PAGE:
Takes you to:
What Are You, Anyway?
I read ADB's essay and responded by sending a Letter to the Editor, which appears in the December issue, and a Point of View manuscript, which was not accepted. Therefore, just for the record, I post that manuscript as submitted below.
“What Are You, Anyway? Thoughts on that question-Never In Sweden
Only in my America is there a need to put people in “race” boxes. Ms. Barnett provides examples of this. These tribal rites are not, however, what interest me here. I am interested in 21st Century American beliefs about “race” for reasons explained below, beliefs I have now been studying for about four years.
My need to learn has two roots: The first is that I now to know 100s of refugees from Sub-saharan Africa and the Middle East, some of them my closest friends. The second is that working as translator for Swedish epidemiologists introduced me to medical research where “race” is never a variable in contrast with American practice.
Ms. Barnett’s essay has opened a pandora’s box raising many questions only two of which I raise here. My goal is to elicit replies from Brown Alumni of every age and ethnicity (to Gmail at Only-NeverInSweden.blogspot.com) for reasons I can reveal there.
1) Is it really true that people say to you, Amy DuBois Barnett, exactly “What are you?
2) Is it really true that most Americans feel a need to determine the “race” of every “other” whom they meet?
The context from which those questions arise is my “bible” “Fatal Invention-How Science, Politics, and Big Business Re-create Race in America” by Dorothy Roberts, black but not African American. She writes (p. 3): “Race is the main characteristic most Americans use to classify each other. It is the first or second thing we notice about a stranger we pass on the street or a new acquaintance approaching to shake our hand”
This assertion does not apply to me or to any American whom I have asked in the past two years, but Ms. Barnett’s essay and my contacts with American sociologists suggest that there is at least some truth in Professor Roberts’ generalization.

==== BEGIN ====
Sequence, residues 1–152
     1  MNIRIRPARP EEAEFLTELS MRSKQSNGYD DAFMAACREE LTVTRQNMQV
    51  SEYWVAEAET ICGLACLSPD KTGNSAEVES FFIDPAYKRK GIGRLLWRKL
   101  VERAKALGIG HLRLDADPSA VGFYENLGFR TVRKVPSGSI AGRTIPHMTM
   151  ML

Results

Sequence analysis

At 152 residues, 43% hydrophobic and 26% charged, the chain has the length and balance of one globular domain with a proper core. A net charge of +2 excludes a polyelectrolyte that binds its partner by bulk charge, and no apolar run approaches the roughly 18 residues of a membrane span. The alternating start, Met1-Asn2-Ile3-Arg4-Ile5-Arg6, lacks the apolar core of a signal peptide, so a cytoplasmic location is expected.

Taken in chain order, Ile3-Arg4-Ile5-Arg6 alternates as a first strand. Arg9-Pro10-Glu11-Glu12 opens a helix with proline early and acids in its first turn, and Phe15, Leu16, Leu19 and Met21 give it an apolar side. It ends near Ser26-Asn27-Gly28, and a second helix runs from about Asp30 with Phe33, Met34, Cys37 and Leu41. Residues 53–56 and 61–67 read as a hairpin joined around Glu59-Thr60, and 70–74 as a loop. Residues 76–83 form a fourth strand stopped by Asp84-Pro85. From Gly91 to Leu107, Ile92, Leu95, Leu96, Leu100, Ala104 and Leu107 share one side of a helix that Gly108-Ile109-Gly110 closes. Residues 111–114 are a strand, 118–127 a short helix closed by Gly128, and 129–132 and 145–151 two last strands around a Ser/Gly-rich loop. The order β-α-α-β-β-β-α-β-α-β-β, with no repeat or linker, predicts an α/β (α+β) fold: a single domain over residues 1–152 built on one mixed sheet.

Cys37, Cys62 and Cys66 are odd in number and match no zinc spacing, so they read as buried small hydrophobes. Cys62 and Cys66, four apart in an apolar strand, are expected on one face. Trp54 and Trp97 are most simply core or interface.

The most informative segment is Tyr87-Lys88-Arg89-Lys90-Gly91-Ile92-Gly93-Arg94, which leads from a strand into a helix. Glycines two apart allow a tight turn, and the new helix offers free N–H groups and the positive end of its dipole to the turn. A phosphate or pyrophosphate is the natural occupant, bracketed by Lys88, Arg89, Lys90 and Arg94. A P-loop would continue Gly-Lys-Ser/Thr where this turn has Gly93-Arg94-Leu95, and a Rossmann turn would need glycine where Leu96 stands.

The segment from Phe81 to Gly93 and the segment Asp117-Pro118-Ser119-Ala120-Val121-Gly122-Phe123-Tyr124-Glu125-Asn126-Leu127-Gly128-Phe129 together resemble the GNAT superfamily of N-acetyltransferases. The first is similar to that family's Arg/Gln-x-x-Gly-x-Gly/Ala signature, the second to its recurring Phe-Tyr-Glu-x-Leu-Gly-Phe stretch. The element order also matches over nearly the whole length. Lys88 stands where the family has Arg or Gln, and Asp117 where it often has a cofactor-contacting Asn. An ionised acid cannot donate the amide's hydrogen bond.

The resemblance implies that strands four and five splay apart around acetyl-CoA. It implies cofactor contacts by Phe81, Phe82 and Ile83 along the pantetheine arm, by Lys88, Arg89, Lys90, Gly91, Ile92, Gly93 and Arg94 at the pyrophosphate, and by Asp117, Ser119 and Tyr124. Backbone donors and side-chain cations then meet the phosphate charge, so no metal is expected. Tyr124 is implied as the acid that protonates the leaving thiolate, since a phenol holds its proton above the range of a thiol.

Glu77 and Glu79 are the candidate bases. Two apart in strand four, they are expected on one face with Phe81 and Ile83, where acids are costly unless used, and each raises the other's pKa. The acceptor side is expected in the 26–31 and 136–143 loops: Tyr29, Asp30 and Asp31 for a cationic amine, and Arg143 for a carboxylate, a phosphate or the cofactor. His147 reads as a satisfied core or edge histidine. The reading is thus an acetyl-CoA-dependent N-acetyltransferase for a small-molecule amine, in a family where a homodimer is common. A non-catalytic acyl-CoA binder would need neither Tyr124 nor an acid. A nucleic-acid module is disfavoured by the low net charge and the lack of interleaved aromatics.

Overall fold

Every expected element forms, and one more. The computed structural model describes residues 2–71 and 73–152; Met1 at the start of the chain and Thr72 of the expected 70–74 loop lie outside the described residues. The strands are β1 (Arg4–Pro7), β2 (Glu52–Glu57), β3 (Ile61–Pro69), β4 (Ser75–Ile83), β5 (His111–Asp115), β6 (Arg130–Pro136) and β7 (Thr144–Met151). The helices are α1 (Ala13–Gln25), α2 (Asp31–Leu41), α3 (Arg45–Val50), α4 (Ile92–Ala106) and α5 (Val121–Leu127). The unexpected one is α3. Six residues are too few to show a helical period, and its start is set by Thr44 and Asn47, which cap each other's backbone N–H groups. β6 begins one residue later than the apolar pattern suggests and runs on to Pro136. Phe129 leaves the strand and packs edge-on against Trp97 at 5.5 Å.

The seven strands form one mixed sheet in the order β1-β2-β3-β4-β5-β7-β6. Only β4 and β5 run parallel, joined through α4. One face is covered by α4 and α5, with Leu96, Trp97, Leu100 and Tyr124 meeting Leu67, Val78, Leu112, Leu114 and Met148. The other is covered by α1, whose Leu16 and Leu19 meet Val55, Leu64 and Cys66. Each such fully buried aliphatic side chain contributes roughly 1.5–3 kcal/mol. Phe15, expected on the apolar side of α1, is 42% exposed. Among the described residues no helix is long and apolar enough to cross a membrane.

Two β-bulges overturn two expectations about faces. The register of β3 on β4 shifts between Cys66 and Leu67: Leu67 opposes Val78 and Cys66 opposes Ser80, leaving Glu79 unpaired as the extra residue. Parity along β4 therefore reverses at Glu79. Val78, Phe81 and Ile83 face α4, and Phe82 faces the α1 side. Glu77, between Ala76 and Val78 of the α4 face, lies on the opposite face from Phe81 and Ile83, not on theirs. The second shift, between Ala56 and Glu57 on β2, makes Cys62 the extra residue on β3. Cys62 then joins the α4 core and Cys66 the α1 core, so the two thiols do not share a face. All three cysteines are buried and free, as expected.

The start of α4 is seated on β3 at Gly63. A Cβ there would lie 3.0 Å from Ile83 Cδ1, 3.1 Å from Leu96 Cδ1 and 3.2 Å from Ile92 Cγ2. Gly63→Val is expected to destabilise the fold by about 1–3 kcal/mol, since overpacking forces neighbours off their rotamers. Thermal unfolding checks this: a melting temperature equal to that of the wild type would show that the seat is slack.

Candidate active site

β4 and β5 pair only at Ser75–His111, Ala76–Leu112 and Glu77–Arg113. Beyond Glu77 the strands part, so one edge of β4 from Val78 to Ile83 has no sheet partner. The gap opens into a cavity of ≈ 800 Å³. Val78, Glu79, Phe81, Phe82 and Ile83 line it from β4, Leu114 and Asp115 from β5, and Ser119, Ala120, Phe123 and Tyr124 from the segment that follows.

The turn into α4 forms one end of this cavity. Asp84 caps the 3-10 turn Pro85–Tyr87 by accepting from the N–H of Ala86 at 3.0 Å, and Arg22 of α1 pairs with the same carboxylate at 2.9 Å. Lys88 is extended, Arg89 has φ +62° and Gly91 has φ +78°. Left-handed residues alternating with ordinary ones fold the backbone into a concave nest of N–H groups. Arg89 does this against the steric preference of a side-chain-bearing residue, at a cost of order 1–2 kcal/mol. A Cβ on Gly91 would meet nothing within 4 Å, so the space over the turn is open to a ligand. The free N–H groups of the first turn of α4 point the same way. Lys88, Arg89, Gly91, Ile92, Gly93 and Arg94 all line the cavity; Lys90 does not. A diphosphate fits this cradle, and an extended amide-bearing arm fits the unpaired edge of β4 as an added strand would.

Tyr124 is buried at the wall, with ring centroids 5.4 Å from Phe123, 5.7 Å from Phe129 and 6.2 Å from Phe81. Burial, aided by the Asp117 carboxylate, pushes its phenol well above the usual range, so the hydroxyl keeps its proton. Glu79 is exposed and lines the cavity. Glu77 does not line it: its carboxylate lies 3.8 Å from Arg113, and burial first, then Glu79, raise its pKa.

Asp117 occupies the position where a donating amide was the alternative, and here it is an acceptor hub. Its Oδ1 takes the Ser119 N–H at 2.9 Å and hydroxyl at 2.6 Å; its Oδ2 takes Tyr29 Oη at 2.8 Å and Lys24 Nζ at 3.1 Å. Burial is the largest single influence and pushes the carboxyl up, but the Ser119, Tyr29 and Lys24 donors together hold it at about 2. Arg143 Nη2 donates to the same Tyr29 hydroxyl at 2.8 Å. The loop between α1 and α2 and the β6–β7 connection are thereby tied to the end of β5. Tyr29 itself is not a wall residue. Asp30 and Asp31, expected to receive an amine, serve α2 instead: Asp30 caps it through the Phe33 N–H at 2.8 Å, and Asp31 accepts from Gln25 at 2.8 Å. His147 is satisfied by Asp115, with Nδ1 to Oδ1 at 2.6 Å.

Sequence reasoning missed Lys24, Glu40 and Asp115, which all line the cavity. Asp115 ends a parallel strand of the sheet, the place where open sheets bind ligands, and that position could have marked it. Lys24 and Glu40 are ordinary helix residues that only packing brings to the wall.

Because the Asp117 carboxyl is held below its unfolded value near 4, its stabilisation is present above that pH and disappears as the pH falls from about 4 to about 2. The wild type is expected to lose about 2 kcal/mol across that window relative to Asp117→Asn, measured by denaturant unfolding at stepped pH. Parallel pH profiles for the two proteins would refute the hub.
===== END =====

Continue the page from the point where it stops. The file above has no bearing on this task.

Ms. Barnett tells us she has always dreaded the question “What are you?” a question I cannot imagine posing to anyone. In other words since she is (self -described as) bi-racial, people cannot race-place her. She also tells us that to be acknowledged as a true, card-carrying member of the African-American “race” – at Brown - it is not enough to show that you have a slave probably brought from West Africa in your family tree; you must present your credentials. This tells me that in the eyes of the Americans who ask “What are you?” it is not enough to be able to show a genetic link to some group (“race”) to be a member of that group. It appears to me that the question “What are you?” is really a question about ethnicity, not “race” or genetics.
Yes, putting people in “race boxes” is accepted practice in America and at all levels, a practice I do not accept. Why? I close by providing a few reasons based on living for almost 20 years in Sweden.
In Sweden, we are classified by country of birth and in terms of SES data. The census does not assign people to “races” but there are two political parties that do this to some degree, Svenskarnas parti (SP) and Sverigedemokraterna (SD) (see Wiki for English). They have their roots in Nazi thinking and one of them (SD) is now in parliament. Sweden as nation was once close to assigning people to “races” when in 1922 the National Institute of Race Biology was created; the institute did not survive World War II.
Here in Linköping, I have come to know 100s of people who have something in common with Ms. Barnett’s friend, cryptically designated as black/Swedish. Here is what I have learned from them as concerns the question, ”What Are You?” presented in story form.
We sit around a table at the Red Cross, 10 born in many different countries, and I tell them about Ms. Barnett’s dreaded question. They offer opinions in Swedish: Terrible, racist, who would ever ask such a question. A man, Abdi and old friend born in Somalia, walks into the room. Big smile. I ask him in Swedish, “Abdi what are you?” He answers in Swedish “Människa” a human being. Not one single person – Eritrean, Mexican American, Somali etc with whom I have discussed this question has said anything other than to ask that question would be rude at best, racist at worst.
Ms. Barnett, I hope your Swedish friend has the last laugh. Until then, thank you for writing the most fascinating text I have read in many years in BAM.